Walker skipped town to campaign when constituents needed him most after floodingsThe Republican Party of Wisconsin released an online ad last week that derided Democratic candidate for governor Mary Burke for missing a Madison Metropolitan School Board meeting.
There was just one tiny problem with the ad: Burke didn’t miss a thing. She had been campaigning in Milwaukee as the ad pointed out, but she had also teleconferenced into the meeting, taking part in it as an active participant.
The Republican Party, being presented with this information, stood by their assertions of Burke’s misdeeds.
“Give me a break,” state Party Chairman Joe Fadness told the Wisconsin State Journal in an email conversation. “The video and accompanying press release accurately depict that Burke chose to attend a campaign event over attending the official meeting in person.”
It appears that for Republicans it doesn’t matter whether Burke took part in the event or not: in their minds she is obligated to serve her constituents in person. One might wonder how the GOP would react if their own candidate, Gov. Scott Walker, had chosen to campaign over committing himself to his constituents.
But we don’t have to wonder: Walker did a similar thing in 2010 during his campaign for governor then, and in some ways he may have done something even more deplorable: he abandoned his constituents when they needed him most.
That summer Milwaukee County had experienced devastating floods. They were so bad that Walker, then the County Executive, declared the county a disaster area, forwarding the request to then-Gov. Jim Doyle.
But that weekend Walker took off from Milwaukee County in order to campaign in Eau Claire, Wausau, Green Bay and Pulaski. His Democratic opponent in the election, Milwaukee Mayor Tom Barrett, stayed in the area and canceled his own campaign plans in order to tour areas that were hit the hardest.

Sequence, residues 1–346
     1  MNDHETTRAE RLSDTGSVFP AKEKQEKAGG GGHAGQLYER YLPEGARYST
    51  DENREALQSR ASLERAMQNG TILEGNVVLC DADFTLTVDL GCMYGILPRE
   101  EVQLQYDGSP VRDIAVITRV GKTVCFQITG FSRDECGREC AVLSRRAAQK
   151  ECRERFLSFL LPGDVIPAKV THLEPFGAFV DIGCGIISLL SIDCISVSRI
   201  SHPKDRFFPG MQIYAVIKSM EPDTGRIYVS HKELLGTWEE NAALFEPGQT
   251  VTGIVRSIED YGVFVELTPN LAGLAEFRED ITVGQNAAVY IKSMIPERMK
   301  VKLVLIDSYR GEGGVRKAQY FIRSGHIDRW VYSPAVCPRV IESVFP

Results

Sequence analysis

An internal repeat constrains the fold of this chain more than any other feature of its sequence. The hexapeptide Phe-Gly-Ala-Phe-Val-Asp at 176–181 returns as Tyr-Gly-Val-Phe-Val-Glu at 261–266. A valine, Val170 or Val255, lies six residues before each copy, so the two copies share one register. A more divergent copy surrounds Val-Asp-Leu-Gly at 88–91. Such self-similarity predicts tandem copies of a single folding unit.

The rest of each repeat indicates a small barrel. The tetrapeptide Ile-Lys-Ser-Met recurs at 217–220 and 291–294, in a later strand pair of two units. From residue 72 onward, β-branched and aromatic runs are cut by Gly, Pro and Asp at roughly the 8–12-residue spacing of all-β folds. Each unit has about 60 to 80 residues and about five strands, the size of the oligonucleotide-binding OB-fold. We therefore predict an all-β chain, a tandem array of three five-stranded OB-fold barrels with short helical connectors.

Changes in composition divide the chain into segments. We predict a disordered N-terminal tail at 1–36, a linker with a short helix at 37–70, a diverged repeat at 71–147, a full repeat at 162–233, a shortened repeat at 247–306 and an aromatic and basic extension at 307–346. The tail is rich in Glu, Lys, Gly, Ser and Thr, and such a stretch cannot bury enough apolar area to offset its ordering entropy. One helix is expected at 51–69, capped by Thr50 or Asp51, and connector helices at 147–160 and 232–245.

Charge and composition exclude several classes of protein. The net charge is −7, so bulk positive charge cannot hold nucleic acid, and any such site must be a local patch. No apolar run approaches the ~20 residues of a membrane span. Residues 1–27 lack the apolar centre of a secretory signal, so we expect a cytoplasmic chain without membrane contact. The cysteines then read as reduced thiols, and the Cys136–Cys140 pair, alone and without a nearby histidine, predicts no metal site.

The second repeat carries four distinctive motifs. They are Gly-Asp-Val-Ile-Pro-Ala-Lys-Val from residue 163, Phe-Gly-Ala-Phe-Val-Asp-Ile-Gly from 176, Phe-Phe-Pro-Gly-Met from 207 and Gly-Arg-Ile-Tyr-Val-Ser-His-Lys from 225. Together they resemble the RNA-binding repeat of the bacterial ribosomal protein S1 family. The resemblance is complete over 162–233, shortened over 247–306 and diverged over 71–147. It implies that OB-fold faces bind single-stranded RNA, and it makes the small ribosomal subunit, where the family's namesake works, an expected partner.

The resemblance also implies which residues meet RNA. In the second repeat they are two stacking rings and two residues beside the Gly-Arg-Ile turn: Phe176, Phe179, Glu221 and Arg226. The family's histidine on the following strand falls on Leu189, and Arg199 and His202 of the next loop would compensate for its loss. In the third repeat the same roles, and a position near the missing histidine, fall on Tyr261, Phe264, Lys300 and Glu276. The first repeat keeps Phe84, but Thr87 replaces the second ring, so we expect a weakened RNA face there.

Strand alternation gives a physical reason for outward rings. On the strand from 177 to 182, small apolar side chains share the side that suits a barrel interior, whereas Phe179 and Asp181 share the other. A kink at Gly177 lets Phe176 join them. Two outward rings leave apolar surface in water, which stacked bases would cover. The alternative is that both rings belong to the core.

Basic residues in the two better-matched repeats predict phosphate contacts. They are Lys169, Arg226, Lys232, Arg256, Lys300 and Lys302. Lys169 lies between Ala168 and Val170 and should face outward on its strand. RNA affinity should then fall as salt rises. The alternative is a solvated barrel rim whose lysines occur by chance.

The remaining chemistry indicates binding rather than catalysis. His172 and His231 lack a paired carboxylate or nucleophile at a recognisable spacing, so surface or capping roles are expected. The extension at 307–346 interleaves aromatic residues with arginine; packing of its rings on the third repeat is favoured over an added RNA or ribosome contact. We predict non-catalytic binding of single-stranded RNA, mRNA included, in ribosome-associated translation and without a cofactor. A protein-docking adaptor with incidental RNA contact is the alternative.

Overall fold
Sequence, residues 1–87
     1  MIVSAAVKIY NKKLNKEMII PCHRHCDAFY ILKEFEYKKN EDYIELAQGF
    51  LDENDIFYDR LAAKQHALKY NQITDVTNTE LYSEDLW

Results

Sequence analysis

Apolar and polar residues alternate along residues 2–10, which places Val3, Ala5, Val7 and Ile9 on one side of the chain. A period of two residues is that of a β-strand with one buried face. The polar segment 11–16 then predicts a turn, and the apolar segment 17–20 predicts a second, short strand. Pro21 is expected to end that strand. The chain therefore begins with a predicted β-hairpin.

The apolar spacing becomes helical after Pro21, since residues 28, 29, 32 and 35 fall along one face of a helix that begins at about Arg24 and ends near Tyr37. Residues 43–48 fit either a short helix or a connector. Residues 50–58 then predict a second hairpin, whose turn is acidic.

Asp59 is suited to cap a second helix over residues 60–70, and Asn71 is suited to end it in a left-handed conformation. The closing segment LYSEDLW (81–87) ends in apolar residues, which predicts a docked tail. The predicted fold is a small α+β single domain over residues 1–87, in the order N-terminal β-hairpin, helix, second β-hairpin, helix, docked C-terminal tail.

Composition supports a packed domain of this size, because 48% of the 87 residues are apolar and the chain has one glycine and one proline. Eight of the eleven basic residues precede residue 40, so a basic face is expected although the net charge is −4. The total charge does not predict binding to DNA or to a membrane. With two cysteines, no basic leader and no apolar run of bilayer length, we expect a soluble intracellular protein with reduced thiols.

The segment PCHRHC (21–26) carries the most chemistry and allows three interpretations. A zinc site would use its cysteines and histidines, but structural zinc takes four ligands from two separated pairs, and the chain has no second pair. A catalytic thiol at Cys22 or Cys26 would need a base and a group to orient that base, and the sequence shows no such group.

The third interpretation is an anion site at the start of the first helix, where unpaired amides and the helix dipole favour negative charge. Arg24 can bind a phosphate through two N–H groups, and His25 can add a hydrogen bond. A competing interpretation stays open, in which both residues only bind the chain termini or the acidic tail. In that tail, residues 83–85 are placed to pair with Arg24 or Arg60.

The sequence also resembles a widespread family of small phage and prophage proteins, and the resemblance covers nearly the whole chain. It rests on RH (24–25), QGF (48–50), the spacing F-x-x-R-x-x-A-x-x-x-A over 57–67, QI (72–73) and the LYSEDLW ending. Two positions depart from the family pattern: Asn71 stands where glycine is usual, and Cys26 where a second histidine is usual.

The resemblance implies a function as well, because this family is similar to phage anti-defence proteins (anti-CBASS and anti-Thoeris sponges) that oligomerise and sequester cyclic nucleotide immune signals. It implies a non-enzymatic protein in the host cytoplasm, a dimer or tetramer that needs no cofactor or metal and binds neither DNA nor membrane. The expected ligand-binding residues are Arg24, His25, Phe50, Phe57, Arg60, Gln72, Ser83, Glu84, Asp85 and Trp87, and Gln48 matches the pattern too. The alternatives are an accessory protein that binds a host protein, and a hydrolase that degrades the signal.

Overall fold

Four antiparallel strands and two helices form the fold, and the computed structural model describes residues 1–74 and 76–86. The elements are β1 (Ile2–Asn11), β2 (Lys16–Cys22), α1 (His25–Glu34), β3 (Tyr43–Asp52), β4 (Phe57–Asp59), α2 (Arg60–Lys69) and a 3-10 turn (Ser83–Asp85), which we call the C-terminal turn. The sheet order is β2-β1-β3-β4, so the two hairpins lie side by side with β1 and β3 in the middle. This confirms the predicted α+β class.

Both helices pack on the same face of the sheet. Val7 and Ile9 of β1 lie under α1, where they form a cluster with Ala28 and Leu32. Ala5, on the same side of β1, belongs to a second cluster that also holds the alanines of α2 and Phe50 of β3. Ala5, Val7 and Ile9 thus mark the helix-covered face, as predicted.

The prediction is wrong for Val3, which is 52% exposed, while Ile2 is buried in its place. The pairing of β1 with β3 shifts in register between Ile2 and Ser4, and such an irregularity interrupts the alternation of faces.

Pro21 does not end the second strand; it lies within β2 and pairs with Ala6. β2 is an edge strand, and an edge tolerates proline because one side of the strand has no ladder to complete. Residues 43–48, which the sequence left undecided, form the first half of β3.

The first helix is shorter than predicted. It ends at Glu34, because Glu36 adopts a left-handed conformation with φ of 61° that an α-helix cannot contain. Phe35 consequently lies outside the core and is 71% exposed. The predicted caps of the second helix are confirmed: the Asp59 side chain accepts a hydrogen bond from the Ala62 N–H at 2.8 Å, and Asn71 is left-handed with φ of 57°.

In short, Barrett took responsibility for ensuring people in Walker’s jurisdiction were safe. Walker, to borrow a phrase from his own party this past week, “put politics over taxpayers.”
The Walker campaign, of course, had the perfect excuse for his 2010 absence: he was able to do the work he needed to do while campaigning.
The Milwaukee County executive said he never thought about canceling his weekend appearances because of his work on Friday. He said he stayed in contact with his chief of staff, Thomas G. Nardelli, his parks director, Sue Black, and the airport director, Barry Bateman.So let’s recap:
On Saturday, he also issued an update on storm damage. Walker also updated reporters Monday morning with a press conference.
In 2010 Milwaukee County Executive and gubernatorial candidate Scott Walker was perfectly capable of monitoring, while campaigning across the state, what he himself had called a “disaster” situation in his home county. To Walker and his surrogates, that was perfectly acceptable.
In 2014 Democratic candidate Mary Burke used teleconferencing technology to take part in a scheduled Madison School Board meeting while on the campaign trail. Though she didn’t miss any part of the meeting, and there wasn’t any emergency situation in the district, this to the Republican Party was deplorable enough to make a campaign video about.
The hypocrisy of the Republican Party of Wisconsin is very, very telling this election year.